As the days start to get shorter, the air a little cooler, and kids get ready to go back to school, parents are faced with the task of packing lunch. The great tradition of school lunch is a rite of passage that every student goes through. Be it a lunch box decorated with Iron Man or a brown paper bag, lunch time can summon some of the best and worst memories. Here’s what local chefs and food industry folks packed or bought for lunch when they were still roaming the hallways.
Lunchbox: Brown paper bag
Home state: Alaska
Leftovers or sandwiches made with crunchy whole grain bread and deli meat, or as McGill calls it a "hippie lunch." School lunch bought with money he made by selling candy out of his locker; McGill admits to being jealous of the kids with white bread, baloney, Miracle Whip, and Kraft cheese
A Newfound Appreciation
“It's kind of indicative of just my childhood food memories in general were, we always had nice food and I didn't really...you don't really appreciate it as much when you're a kid cause someone else might have had a soda and Lunchables and that seemed like a good thing to you when you're a kid and you're just eating your healthy delicious food. Now I've grown up and everything in my life revolves around food and it makes a lot of sense why. Good thing they put all that funny stuff in my school lunch.”
Lunch box: Brown paper bag
Home state: Delaware
Meatloaf sandwiches with homemade dessert from grandma and an apple that would "inevitably be thrown at someone or something." School lunch bought with own money when he got a job; Douglas loved eating in the cafeteria which is why he thinks he's always liked restaurants.
Lunch Beyond the Cafeteria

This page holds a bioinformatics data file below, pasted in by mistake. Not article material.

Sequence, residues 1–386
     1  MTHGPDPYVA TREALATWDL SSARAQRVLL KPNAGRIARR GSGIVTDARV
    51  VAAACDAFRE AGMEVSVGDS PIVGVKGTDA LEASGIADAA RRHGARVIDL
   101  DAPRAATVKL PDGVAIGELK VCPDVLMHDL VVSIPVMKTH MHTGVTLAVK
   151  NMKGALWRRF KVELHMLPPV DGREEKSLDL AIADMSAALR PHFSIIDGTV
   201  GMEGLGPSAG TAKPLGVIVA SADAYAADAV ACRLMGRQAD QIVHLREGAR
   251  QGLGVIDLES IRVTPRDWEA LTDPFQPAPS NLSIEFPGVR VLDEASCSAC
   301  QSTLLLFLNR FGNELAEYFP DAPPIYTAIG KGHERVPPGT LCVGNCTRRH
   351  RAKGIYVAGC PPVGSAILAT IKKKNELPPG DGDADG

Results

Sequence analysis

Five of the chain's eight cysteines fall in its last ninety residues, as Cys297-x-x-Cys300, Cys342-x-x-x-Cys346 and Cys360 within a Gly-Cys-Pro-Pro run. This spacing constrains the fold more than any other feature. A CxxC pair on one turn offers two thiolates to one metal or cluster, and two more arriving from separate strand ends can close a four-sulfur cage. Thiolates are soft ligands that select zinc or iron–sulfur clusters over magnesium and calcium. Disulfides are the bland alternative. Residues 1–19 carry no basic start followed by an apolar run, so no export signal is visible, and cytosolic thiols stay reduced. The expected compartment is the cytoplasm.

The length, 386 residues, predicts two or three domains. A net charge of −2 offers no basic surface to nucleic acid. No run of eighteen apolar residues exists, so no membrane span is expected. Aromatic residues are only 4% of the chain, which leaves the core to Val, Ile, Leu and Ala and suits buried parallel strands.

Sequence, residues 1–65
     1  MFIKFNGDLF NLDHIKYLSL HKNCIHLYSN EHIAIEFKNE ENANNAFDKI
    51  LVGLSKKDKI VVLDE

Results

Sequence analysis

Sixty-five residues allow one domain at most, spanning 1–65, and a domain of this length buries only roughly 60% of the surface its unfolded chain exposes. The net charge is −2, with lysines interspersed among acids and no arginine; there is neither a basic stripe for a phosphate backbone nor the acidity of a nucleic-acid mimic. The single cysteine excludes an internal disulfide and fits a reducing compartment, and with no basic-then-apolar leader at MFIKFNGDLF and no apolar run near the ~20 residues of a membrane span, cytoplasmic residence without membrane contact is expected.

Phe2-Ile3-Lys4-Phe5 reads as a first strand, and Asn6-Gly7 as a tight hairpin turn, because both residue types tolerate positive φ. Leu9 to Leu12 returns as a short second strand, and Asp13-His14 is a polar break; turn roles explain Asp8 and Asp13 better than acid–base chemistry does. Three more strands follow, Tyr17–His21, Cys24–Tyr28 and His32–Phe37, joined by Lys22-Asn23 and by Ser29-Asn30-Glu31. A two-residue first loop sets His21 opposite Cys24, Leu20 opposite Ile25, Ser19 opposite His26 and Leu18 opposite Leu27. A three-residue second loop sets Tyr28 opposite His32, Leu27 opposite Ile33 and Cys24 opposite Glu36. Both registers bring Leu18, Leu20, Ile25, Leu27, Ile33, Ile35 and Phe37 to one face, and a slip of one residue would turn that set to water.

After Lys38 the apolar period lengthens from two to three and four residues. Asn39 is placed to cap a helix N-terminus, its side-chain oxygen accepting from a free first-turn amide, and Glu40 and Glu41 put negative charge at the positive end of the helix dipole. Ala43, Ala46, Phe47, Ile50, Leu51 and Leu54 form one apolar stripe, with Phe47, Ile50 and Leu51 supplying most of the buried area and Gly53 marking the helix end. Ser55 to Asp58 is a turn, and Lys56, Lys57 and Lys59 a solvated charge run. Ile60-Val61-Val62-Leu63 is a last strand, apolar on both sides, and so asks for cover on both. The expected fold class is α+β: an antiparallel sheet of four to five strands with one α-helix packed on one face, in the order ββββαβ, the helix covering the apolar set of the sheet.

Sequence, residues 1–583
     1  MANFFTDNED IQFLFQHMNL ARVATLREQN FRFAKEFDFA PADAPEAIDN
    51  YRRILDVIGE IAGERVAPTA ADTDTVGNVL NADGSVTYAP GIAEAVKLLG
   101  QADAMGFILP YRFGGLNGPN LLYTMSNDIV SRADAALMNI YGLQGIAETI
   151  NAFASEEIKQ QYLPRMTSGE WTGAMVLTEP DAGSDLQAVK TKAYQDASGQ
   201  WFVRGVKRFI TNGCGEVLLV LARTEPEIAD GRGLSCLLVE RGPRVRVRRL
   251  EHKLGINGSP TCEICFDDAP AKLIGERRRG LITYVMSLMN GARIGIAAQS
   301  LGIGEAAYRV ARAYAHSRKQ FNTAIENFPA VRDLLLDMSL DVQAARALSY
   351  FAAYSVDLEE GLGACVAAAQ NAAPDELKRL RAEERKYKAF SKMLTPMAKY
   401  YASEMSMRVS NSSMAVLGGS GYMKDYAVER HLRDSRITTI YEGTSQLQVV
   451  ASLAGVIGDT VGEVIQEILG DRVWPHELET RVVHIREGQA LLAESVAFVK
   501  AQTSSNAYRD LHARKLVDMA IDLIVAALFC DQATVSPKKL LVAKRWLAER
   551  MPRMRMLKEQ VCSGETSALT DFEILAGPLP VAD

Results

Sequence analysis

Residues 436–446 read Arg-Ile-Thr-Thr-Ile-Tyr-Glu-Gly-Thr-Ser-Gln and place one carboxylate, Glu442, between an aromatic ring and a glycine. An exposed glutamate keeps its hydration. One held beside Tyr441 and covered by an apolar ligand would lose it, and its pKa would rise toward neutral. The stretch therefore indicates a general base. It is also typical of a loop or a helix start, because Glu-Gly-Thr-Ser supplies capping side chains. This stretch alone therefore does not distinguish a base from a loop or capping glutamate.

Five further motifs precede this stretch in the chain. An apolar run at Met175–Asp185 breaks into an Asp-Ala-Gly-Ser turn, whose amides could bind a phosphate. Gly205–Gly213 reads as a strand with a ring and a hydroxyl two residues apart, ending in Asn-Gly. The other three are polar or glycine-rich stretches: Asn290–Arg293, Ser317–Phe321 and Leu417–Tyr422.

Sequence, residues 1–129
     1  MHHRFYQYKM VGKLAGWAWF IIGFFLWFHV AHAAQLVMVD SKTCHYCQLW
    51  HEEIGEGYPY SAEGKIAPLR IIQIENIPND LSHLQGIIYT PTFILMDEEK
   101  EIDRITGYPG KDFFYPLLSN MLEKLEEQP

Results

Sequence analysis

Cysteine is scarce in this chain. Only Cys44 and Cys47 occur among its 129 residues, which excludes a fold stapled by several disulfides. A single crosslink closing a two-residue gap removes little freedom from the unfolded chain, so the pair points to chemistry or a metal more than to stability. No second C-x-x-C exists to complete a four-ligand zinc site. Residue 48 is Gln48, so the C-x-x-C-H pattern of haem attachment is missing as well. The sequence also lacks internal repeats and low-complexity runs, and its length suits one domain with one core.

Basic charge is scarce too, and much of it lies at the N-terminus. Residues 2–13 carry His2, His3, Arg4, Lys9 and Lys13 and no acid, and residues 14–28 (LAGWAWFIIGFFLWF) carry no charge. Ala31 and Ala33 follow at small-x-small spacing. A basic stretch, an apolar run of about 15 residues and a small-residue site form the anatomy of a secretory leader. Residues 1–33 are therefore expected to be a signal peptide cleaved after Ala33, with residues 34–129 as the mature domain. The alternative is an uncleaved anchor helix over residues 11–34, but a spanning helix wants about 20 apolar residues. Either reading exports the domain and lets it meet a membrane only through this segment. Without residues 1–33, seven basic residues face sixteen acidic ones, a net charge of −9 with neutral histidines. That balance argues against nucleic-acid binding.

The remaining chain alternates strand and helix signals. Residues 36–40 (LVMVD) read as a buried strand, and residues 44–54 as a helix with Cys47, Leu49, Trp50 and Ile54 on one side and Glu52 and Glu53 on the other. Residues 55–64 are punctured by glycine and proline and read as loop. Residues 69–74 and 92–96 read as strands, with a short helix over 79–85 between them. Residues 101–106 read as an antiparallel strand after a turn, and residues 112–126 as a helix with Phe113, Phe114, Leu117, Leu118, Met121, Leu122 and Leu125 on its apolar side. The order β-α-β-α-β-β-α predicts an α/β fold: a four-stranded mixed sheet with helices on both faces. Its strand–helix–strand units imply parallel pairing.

"I had my newspaper route in the mornings and afternoons. In the mornings on Saturday and Sundays I'd go out and do my newspapers and then I was supposed to go to church afterwards. Instead I'd go to this little restaurant in downtown Newark, Delaware called the Post House. It had 13 seats at the counter and the cook was also your waiter so when you ordered the egg sandwich with cheese and Taylor ham roll they wrote it down on a little pad and then they turned around and made it for you. And so whether it was my scrapple sandwich or my sausage sandwich, whatever it was, I loved sitting there."
Lunch box: Six Million Dollar Man lunch box, then a brown paper bag
Pickle and cream cheese sandwich on russian rye on really bad days when there was nothing left in the refrigerator. On those days Stowell said he opted to go without lunch. Typically he had a sandwich (never on white bread much to his chagrin), a piece of fruit, and juice. Tuna salad sandwiches were the least desirable.
Tuna Fish Irony
"I remember a lot of tuna salad sandwiches in grade school. Which are impossible to trade, I'll tell you right now. And you know what the funny thing is though? My son's favorite sandwich is a tuna salad sandwich. He's six. The other one is four, every other day is peanut butter and jelly. That's it."
Chef-owner of Bakery Nouveau
Lunch box: None
Home state: Arkansas
Leaman got school lunch just like all the other kids at his school in rural Arkansas. His favorite days were Fridays because that meant pizza. Most of the other days they got mystery meat, a veggie like soy beans or cream of spinach.